A Tylenol morning and a Norco afternoon.

      I actually slept well last night and hardly moved. I think I was exhausted.

      In the late morning I had a bowel movement and I was concerned that the back end of the bandages was a little too close. I’d already spoken to Miro on the phone (he called) and I knew a doctor would not be stopping by until the next day. I decided that carefully removing then replacing one end of the tape was easy enough to do myself rather than call him back with no real issue. After all, I wasn’t sure there was an issue.

      NOTE: Do not take risks or do something about which you are unsure. If you are hesitant to do something yourself, or to have a loved one do it for you, check with the doctors. That’s why they supply us with their email addresses and phone numbers as well as a cell phone containing their phone numbers for use while we’re in Belgrade. It’s always better to be safe than to be sorry.

      I removed the tape from both buttocks and gently from the insides of my upper thighs, leaving the tape attached to my lower abdomen. I removed just enough tape to be able to see the last piece of gauze while using the hand mirror. There was a very, very small fecal stain just at the back edge. I was sure it had not been in a place where it would reach any wounds. (If I had not been sure of this I would have called a doctor immediately. I’d much rather they had cleaned the wounds had such a situation come about as I’m sure they’d do a better job of it.)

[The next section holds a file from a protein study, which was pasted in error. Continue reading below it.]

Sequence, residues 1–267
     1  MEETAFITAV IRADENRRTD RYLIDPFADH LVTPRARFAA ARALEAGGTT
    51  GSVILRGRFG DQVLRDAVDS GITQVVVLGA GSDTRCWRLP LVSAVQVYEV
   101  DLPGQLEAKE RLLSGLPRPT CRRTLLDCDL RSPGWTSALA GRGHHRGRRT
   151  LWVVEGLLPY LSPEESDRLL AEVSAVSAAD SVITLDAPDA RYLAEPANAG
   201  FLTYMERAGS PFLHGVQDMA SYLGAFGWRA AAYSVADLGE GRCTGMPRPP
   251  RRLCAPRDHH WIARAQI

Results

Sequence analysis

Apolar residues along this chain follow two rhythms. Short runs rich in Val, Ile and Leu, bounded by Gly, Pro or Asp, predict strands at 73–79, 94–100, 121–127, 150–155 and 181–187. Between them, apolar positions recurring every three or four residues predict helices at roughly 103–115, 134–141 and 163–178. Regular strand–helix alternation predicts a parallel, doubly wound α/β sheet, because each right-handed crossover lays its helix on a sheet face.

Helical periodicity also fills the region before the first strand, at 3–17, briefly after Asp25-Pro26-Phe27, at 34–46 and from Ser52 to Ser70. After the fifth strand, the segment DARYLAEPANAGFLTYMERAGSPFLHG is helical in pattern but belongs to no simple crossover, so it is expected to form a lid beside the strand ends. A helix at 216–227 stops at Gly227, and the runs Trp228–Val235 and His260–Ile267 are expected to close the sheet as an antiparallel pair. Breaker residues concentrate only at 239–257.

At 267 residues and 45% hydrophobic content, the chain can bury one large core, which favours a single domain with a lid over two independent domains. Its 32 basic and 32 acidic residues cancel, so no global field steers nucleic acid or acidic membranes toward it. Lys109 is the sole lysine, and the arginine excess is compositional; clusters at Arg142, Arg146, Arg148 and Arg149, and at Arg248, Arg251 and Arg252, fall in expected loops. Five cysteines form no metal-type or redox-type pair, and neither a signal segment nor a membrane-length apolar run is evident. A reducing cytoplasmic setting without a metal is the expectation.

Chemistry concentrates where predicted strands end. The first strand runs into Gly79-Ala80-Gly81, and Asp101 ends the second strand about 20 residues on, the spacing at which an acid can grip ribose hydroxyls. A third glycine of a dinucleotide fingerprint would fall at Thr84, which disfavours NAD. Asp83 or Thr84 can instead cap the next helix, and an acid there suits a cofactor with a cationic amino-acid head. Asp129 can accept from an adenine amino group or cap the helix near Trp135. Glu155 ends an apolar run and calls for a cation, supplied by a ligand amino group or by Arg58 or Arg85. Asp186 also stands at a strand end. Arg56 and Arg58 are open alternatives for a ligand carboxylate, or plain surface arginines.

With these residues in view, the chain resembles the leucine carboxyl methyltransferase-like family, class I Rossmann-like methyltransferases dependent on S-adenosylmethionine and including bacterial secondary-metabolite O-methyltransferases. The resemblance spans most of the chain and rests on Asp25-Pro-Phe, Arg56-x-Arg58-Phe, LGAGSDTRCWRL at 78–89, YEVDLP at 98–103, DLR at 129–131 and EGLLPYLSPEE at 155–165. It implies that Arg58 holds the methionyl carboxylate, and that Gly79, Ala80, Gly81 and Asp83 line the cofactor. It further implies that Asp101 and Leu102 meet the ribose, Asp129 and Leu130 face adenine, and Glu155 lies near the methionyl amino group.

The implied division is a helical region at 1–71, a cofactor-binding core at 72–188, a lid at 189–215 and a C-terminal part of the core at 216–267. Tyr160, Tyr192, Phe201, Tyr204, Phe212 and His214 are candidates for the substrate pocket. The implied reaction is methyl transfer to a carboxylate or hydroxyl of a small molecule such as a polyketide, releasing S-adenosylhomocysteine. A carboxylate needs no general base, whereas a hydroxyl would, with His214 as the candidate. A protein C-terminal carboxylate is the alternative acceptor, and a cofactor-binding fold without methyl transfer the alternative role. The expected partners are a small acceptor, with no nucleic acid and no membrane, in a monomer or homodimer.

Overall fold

I cleaned the area of my anus with baby wipes again (taking advantage of easy access with the rear portion of the bandage away from my body) and replaced that last piece of gauze with a new one from the supplies here in the apartment.

      That was pretty much the only “event” of the day. I flushed the stent 4 or 5 times, took my antibiotics as well as fiber capsules and Cranberry extract, ate a bit and drank a lot of water.

      Speaking of water, in the afternoon I realized my urine was darker than usual. Because I was uncomfortable when I moved I was not getting enough water. Immediately I began drinking more water and keeping more of it within reach of my nest on the couch. I do not want a bladder or urinary tract infection.

      In the morning I took two over the counter pain pills but late in the afternoon I did take a prescription pill (generic for Norco 5/325 – which equates to 5mg of hydrocodone and 325mg of acetaminophen). Just to give you an idea, I typically do not take pain medicine, even over the counter stuff, unless I’m in pain that either won’t go away or is uncomfortable enough to be distracting. I have a pretty high tolerance to pain in general (unless it’s a tooth, lol).

      Day 5 was a little more difficult. I was tired and dealing with discomfort and a little pain. I spent little time online and mostly watched TV from the couch. Pain wasn’t a major issue, just enough to be uncomfortable and distracting most of the afternoon and evening. My energy levels were on the low side most of the day.

      Euros ordered

      Well, I ordered the Euros I need for the apartment in Belgrade. I’m staying a total of 19 nights at 60 euros per night plus 14% tax. I added an extra 100 Euros just in case. At the current rate, 1400 euros cost me US$2053.62.
      I should have them by Friday.